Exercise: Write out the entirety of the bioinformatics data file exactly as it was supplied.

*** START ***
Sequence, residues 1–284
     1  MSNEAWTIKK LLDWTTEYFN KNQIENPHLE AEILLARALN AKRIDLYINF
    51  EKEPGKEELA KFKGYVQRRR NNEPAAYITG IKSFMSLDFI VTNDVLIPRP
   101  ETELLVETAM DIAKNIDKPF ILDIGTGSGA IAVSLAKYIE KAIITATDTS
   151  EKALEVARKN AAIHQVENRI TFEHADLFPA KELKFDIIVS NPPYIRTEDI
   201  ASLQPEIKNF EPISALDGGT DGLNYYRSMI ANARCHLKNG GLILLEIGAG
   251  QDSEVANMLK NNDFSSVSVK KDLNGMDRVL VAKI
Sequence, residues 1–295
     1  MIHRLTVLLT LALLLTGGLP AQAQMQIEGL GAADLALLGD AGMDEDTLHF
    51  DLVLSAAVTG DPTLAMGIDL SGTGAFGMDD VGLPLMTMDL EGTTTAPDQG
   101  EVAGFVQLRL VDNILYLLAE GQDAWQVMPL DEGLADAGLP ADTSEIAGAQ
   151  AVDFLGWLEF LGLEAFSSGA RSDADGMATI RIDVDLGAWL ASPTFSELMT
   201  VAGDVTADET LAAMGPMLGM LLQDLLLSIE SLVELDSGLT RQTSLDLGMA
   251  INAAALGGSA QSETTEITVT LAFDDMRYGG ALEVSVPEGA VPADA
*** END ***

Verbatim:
Sequence, residues 1–284
     1  MSNEAWTIKK LLDWTTEYFN KNQIENPHLE AEILLARALN AKRIDLYINF
    51  EKEPGKEELA KFKGYVQRRR NNEPAAYITG IKSFMSLDFI VTNDVLIPRP
   101  ETELLVETAM DIAKNIDKPF ILDIGTGSGA IAVSLAKYIE KAIITATDTS
   151  EKALEVARKN AAIHQVENRI TFEHADLFPA KELKFDIIVS NPPYIRTEDI
   201  ASLQPEIKNF EPISALDGGT DGLNYYRSMI ANARCHLKNG GLILLEIGAG
   251  QDSEVANMLK NNDFSSVSVK KDLNGMDRVL VAKI
Sequence, residues 1–295
     1  MIHRLTVLLT LALLLTGGLP AQAQMQIEGL GAADLALLGD AGMDEDTLHF
    51  DLVLSAAVTG DPTLAMGIDL SGTGAFGMDD VGLPLMTMDL EGTTTAPDQG
   101  EVAGFVQLRL VDNILYLLAE GQDAWQVMPL DEGLADAGLP ADTSEIAGAQ
   151  AVDFLGWLEF LGLEAFSSGA RSDADGMATI RIDVDLGAWL ASPTFSELMT
   201  VAGDVTADET LAAMGPMLGM LLQDLLLSIE SLVELDSGLT RQTSLDLGMA
   251  INAAALGGSA QSETTEITVT LAFDDMRYGG ALEVSVPEGA VPADA